Archive for March, 2015

One on One with Greg Geronemus, Co-CEO of smarTours

greg geronemus, smartours.comThis month, ExpertFlyer talks with Greg Geronemus, Co-CEO, smarTours (www.smarTours.com), a discount group tour provider specializing in high quality packages to some of the world’s most fascinating countries. We’ll learn how SmarTours has carved a niche in a crowded and competitive travel tour market for more than 20 years.

“We’re seeing all of South America really shine in 2015, and one of the most pleasant surprises is Colombia. It’s a wonderful, diverse destination, and it’s a wonderful turnaround story for a country that has certainly had its challenges.”

Greg Geronemus, Co-CEO, smarTours


 You say that the persistent labeling of international travel as outrageously expensive is now a misnomer.  Why?

There is a real misconception about the cost of international travel that the travel industry has perpetuated for far too long. Our peers have successfully tricked the American consumer into thinking that international travel must be extremely expensive, and the consequences are tragic, in my opinion. Many Americans simply assume that places like Asia, Africa, Europe, and South America are out of reach, and just as problematic, when travelers come across affordable prices, they are trained to ask what the catch is or look for what’s wrong with the offer. The opposite should be true – the American traveler should expect affordability and ask why all the outrageously expensive travel offers cost so much. Continue reading →

Who owns the armrest between two people sitting in a plane?

ExpertFlyer Hot Topics — Where the Rubber Meets the Runway

Graphic is man stuck in the middle seat

Graphic: Christoph Hitz

Just because you’re a road warrior, doesn’t mean you have to go to war over the little things. Let’s take one point of contention out of the cabin: Armrest ownership.  Is there an unwritten code of ethics for determining dibs on the armrest?  There’s a reason why we make it our business to help travelers get out of the middleseat — it’s a bummer being squashed in between two strangers for hours. Since a “middleseater” is already at a comfort disadvantage, it seems only fair that armrest rights should be all theirs.

We did some digging on Quora to see if this conundrum had been discussed with any resolution.  Here are some interesting thoughts:

Wirawan Winarto offers a rule of thumb…”Window Seat gets the view; Aisle Seat gets the access; Middle Seat gets the armrest.”

Jeff Chou says, “For two seats: Whoever gets there first. If you both arrive at the same time, rock it off. Leaving your seat forfeits rights to the armrest (lifting your arm momentarily to lift the tray table or otherwise, does not count).

For three seats:
Middle gets both armrests. Aisle gets one armrest and a little bit of legroom, window gets one armrest and a window.”

What do you say? Read more of the Quora thread here.

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Frequent Business Traveler Trends for 2015

ExpertFlyer Hot Topics — Where the Rubber Meets the Runway

The ups and downs of business travelers carry important weight and vast economic impact in the US.  According to a research report published in 2013 by the U.S. Travel Association with research conducted by Oxford Economics, business travel spending by U.S. companies in 2012 generated an estimated $524 billion in business sales, supporting 3.7 million jobs with an annual payroll of $152 billion.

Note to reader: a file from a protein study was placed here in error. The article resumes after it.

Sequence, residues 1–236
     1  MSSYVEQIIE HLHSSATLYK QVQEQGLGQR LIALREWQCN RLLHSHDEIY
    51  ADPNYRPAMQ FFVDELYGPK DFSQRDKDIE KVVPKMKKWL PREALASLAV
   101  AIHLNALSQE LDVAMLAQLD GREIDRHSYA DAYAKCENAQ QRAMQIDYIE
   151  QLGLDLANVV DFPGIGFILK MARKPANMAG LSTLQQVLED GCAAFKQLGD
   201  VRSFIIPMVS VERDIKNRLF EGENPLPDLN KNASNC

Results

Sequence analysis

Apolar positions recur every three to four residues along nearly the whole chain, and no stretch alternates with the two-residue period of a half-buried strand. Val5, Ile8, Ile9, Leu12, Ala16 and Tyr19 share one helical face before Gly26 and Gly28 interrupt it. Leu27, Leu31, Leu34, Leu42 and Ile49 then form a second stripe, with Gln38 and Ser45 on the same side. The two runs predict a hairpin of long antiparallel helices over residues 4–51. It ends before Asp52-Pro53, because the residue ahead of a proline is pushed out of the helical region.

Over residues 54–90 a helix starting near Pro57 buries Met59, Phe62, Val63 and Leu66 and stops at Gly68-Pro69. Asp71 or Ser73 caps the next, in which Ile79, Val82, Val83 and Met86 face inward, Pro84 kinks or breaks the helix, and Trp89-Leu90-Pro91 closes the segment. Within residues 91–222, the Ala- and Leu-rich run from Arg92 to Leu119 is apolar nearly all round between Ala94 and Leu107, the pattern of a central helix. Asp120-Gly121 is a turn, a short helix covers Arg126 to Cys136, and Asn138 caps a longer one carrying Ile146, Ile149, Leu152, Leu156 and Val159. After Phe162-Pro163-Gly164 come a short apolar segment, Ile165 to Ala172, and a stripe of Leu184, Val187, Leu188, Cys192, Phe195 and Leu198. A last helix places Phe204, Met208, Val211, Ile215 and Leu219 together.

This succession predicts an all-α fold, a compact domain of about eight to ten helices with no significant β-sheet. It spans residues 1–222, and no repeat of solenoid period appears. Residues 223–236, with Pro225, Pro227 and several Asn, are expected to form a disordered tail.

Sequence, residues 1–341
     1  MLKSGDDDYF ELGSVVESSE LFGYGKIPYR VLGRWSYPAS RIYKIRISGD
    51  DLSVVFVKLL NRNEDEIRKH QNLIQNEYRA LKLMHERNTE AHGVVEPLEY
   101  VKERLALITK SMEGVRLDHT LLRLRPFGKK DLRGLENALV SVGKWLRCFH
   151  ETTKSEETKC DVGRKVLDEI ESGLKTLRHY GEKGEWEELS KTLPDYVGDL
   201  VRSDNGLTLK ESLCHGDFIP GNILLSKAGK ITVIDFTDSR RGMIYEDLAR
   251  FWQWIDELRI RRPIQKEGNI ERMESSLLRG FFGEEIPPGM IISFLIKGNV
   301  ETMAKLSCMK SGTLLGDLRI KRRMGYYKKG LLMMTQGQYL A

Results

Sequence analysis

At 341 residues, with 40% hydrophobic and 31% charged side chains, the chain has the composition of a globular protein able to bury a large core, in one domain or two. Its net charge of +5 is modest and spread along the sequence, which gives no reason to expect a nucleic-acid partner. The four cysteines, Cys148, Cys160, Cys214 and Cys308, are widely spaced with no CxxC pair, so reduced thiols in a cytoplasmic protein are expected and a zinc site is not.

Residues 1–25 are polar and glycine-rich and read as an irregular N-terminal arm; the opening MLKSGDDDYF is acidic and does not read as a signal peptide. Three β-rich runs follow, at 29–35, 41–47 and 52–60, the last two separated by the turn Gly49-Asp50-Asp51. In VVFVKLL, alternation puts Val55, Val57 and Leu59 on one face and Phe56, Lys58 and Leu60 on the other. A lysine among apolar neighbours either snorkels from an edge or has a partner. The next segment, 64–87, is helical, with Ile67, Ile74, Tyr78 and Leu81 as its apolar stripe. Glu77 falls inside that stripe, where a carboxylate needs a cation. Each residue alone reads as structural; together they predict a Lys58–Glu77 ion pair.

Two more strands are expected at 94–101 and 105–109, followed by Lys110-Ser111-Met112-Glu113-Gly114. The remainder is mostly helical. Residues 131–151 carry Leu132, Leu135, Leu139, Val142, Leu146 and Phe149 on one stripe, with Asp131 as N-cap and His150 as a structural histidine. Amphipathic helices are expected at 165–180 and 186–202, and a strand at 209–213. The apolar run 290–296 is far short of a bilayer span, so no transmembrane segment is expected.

We recently interviewed Jonathan Spira, editorial director at Frequent Business Traveler Magazine and senior managing director at research firm, Accura Media Group, regarding his firm’s 2015  Frequent Business Traveler research report.

Among the key highlights of the report, almost half of business travelers surveyed said they plan on taking more trips in 2015 as compared to 2014, while a similar number said they anticipate taking more trips in 2015 than they did two years ago in 2013.

This translates into a rather significant increase given a business traveler population in the United States that takes over 450 million domestic trips a year.

Spira’s report concludes that loyalty to both airlines and hotels remains largely unchanged over the past three years. In the most recent survey, 75.3% of travelers say they prefer to stay at a particular brand of hotel, an increase of 2.7 percentage points over last year. The number of travelers who prefer to fly with a particular airline or alliance, 92%, remains statistically unchanged over the course of the survey.

Frequent travelers are avid users of technology. Nine out of ten report doing all of the following over a twelve-month period:

  • Researched information about flights
  • Researched information about hotels
  • Made a flight reservation
  • Made a hotel reservation
  • Checked a flight’s status

Working with popular online travel community, FlyerTalk, more than 1,700 business travelers participated in the study. The outcomes suggest  a significant turning point for business travelers, as well as the travel industry. Change is prevalent, from airline mergers to significant changes in airline and hotel loyalty programs, to new imperatives for amenities and services that the business traveler demands.

A complete copy of the 40-page report, 2015 Frequent Business Traveler Business Travel Outlook Report, is available online here.